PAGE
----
Abbas Kowsari's three long, large format photos of the city move from generic urban smog of any city anywhere to more chilling images of Iranian political power – the center photograph is of black-clad, anonymous police rappelling down the sides of the police station as part of a public display. The last image, of people passing by each other, ignoring each other could be any city, anywhere except for the women, draped head to foot in black, another sign of the repressive misogyny of the current regime.

The traveling maps of Ghazaleh Hedayat, made before the current demonstrations, now have a “second reading as the routs of the public gatherings that became violent throughout the city.” (Taraneh Hemani). The lines were drawn on grid paper with different colored inks when she was in transit through out the city. Red stands for highways, the blue for main roads and the green for back roads and alleys; each zig, zag and jerked line another place where the car or bus hit a pot hole, bumped along in traffic (or not as the case may be) or jolted the artist on her journeys.The work would have been stronger if the tiny scribbles in Arabic script had been translated or if it was clear, without the explanation, what was being communicated. The same goes for the laser cut out of a felt map of Tehran. Placed in the middle of the room, it's unclear what point, if any, it makes.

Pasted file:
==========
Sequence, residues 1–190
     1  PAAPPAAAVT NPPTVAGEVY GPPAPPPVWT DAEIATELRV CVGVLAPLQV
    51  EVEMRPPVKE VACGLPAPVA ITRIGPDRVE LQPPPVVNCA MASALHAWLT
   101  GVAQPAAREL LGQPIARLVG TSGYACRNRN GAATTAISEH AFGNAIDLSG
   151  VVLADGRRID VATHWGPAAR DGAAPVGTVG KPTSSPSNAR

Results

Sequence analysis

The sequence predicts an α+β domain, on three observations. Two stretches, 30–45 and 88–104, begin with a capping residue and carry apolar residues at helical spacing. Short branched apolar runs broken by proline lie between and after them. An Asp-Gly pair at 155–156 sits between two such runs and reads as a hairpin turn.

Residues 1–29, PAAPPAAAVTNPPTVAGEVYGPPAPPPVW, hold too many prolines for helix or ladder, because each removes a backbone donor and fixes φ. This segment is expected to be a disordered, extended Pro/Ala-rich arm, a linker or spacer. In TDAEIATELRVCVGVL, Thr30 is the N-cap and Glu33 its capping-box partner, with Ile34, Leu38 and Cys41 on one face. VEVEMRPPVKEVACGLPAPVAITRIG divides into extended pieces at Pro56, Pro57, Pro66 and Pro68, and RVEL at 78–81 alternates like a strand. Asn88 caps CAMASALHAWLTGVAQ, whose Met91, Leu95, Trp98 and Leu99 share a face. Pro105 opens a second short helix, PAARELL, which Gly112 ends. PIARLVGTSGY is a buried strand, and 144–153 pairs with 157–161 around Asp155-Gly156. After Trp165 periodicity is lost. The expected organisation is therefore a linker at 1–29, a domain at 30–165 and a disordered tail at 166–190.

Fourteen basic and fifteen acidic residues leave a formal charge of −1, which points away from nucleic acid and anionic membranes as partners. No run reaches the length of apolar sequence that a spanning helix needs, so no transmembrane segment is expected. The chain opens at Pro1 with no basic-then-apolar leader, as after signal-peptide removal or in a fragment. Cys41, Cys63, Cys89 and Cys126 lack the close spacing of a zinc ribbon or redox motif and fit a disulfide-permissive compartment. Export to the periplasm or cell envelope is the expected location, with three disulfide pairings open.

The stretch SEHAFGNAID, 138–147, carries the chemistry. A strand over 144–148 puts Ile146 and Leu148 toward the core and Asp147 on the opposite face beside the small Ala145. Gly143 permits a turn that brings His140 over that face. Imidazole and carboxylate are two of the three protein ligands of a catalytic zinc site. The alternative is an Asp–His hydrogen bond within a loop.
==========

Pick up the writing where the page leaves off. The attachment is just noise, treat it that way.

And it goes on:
Mehran Mohajer used a pinhole hole camera to take his photos of empty urban spaces. Inspired by Atget, his work is far bleaker, apocalyptic rather than elegiac, an allusion to the social situation they are living in. Mohammad Ghazali’s gelatin silver prints carry a nightmare message of entrapment and fear, "no way out."

Not every artist who participated in the original project was able to show their work.  Kevin B. Chen, Program Director for Visual Arts told me that one of the women artists involved in the project had to drop out. She had been taking photos of herself throughout the city, some of which were against the back ground of the current demonstrations. As she was easily identifiable from the photos, it was more prudent for her to withdraw rather than run the risk of being arrested. One of the installation pieces honors 72 people killed in the recent demonstrations.

John Lennon sang so long ago to "give peace a chance." We haven't done so yet but understanding is always better than misunderstanding, honoring cultures better than demonizing and hope, always, better than dispair. Regime change is always fraught with uncertainty and danger. Revolutions often eat their young and artists who take a stance against a police state are always vulnerable.

The artists' state that they hope for a better future. I hope so too.

Thanks to Kevin Chu for the images and his time.

Events associated with the project:
Sat, Nov 21. 2 PM: Readings by the Association of Iranian American Writers
Sat, Jan 16, 2010, 7 PM: Artists talk.

446 Valencia (Between 15/16) – be warned that the area is under construction but you can still access the gallery.
San Francisco, CA 94103
Phone 415-626-2787
The show is up until January 23, 2010